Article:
· Decision C(2012)5880[9] as regards the methods used for screening persons other than passengers and items carried.

These texts were finalised during 6 regular meetings of the Aviation Security Regulatory Committee, 6 meetings of the Stakeholders’ Advisory Group on Aviation Security and a number of focussed working group sessions, in which both Member States and industry were involved.

3.           regulated agent and known consignor database

The "European database of regulated agents and known consignors" RAKCdb[10] has been the only legal primary tool to be used by regulated agents for consultation when accepting consignments from another regulated agent or from a (EU aviation security validated) known consignor since 1 June 2010 and, since 1 February 2012, contains the list of air carriers authorised to carry cargo and mail into the EU from Third country airports. It is operated under a Commission framework contract. At the end of 2012, the RAKCdb contained approximately 16,000 records of regulated agents, (EU aviation security validated) known consignors and ACC3 entities. Its contractually agreed availability rate of 99.5% was continuously met in 2012, too.

4.           eu airport inspections – handbooks

Regulations (EC) 300/2008 and (EU) 72/2010 require that compliance monitoring by the Commission services on civil aviation security requirements shall be objective and using a standard methodology.

To contribute to this aim the Commission has set up and maintains two comprehensive handbooks with detailed prompts and guidance for EU inspectors in the field. One handbook covers inspections in the field of air cargo security while the other one deals with airport inspections. In April 2012, both handbooks were revised to take account of the latest changes introduced to the implementing rules and to add additional prompts and guidance for inspectors.

PART THREE

Trials, Studies and New Initiatives

1.           Trials

A 'trial' in the sense of the EU aviation security legislation is conducted when a Member State agrees with the Commission that it will use a particular means or method not recognised under the terms of the legislation to replace one of the recognised security controls, for a limited period of time on condition that such trial does not impact negatively on the overall levels of security. The term does not, in the legal sense, apply when a Member State or entity is conducting an evaluation of a new security control deployed in addition to one or more of those already covered by the legislation.

In the course of 2012, trials and evaluations were conducted in Luxemburg, Spain, France, the Netherlands and the United Kingdom. These concerned the use of simulation trace detection chambers (cargo and mail), shoe analyser metal detectors, backscatter security scanners, different algorithms for security scanners, auto clear screening of cabin baggage and the combined use of hand held metal detectors and explosive trace detection for screening of passengers in specific cases.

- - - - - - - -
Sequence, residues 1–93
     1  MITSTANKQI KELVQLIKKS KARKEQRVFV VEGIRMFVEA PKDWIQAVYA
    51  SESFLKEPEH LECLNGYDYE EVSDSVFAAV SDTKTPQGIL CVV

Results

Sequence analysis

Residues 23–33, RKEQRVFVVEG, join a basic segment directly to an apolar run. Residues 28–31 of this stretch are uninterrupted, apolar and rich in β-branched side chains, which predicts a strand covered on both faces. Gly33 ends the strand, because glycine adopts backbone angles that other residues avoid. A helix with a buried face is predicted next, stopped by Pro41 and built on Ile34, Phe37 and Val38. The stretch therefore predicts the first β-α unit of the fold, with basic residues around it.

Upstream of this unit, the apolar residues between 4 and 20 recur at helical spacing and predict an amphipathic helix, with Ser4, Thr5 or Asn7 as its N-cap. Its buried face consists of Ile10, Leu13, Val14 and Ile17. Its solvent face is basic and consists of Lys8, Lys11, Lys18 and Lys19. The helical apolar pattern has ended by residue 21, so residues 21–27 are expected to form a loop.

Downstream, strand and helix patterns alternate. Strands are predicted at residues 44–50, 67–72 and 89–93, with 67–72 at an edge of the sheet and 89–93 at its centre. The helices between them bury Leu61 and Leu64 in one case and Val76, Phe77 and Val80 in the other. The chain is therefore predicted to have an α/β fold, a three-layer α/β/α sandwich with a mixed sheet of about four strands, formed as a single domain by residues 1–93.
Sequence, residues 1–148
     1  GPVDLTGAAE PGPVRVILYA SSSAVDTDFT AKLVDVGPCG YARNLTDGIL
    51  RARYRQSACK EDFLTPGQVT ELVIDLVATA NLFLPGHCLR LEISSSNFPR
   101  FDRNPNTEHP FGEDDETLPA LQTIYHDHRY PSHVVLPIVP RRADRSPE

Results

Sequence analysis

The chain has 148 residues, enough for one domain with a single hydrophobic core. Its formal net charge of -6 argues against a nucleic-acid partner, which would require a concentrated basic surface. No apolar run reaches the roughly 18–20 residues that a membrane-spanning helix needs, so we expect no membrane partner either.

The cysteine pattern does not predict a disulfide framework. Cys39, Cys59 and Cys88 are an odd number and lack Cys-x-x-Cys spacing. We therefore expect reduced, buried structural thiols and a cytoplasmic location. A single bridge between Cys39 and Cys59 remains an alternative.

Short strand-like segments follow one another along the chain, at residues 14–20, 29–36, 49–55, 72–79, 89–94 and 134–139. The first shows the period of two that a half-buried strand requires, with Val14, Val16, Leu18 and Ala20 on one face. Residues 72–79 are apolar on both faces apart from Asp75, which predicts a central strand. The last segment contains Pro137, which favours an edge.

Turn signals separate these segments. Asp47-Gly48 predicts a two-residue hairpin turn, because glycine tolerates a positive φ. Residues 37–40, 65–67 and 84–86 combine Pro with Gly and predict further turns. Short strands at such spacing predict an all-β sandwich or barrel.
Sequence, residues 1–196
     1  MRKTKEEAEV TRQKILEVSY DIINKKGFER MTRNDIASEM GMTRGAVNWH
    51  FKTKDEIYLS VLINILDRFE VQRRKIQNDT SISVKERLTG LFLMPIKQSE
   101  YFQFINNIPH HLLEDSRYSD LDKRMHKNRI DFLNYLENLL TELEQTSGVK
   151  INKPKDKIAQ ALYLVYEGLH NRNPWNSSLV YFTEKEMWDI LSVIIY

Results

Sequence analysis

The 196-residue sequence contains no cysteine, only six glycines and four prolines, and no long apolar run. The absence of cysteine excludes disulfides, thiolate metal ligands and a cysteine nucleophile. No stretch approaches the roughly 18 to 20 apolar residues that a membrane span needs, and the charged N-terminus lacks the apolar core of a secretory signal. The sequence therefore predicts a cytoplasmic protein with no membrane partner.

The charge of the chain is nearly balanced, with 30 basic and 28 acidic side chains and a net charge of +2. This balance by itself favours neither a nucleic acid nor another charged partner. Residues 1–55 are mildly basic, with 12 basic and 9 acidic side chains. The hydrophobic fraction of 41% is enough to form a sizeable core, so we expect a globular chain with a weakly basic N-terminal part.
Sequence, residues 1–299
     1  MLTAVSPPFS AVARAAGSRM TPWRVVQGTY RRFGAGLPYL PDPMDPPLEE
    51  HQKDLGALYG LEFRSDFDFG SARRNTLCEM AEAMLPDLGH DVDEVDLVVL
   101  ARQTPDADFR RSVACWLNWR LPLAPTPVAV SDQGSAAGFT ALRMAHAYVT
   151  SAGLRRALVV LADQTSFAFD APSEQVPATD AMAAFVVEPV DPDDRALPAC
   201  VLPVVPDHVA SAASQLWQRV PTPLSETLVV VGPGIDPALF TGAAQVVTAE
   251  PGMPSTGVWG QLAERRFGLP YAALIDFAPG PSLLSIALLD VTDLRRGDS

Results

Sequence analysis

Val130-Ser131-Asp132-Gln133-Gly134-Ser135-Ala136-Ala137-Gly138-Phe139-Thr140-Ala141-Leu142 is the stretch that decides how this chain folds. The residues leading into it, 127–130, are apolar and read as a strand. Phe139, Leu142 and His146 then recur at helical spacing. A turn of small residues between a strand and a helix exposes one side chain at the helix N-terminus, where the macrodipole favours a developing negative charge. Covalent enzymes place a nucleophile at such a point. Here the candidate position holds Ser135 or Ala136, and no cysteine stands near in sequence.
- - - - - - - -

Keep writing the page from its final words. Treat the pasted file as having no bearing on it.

2.           Studies and Reports

By mid 2012 the final report on the Threat Image Projection (TIP) that is largely used at EU airports in screening cabin baggage, items carried and hold baggage was submitted by the consultant Booz&Co. It mainly confirmed that, if adequatley deployed, TIP has the potential to positively impact screener performance. However, it also concluded that under the current legal deployment framework, no difference in the performance in detecting prohibited articles can be established between TIP and non-TIP airports. The consultant therefore made a number of recommendation to improve the current deployment framework.

Furthermore, the same contractor worked on a study assessing the impact of screening of liquids, aerosols and gels (LAGs)  at airports with a view to the (former) 29 April 2013 deadline for lifting restrictions for LAGs carried on by passengers. The study was completed by a Commission reappraisal of the threat and risk of liquids explosives, which led to the conclusion that the risk posed by such substances remains high and must be adequately addressed through screening. Finally, data obtained in surveys and consultations with the industry and in intense working groups with Member States showed that should the aforementioned deadline be kept the demand would exceed the supply of liquid explosive detection systems (LEDS) under the full implementation of LAGs screening within the highly probable scenario of operational difficulties at European airports and severe inconvenience to the passengers concerned[11].

The Commission intensively discussed with Member States three major options included in the independent SCENIHIR (Scientific Committee on Emerging and Newly Identified Health Risks) report on health effects of x-ray scanners[12]: a) no changes to current legislation, b) adding backscatter security scanners to the list of allowed screening methods for passengers and c) amending current legislation in a sense that already deployed x-ray security scanners emitting radiation below a certain ceiling could be used until the end of their economic lifetime. The report was a follow-up commitment by the Commission to a legislative proposal in aviation security and was approved on 26 April 2012

3.           New Initiatives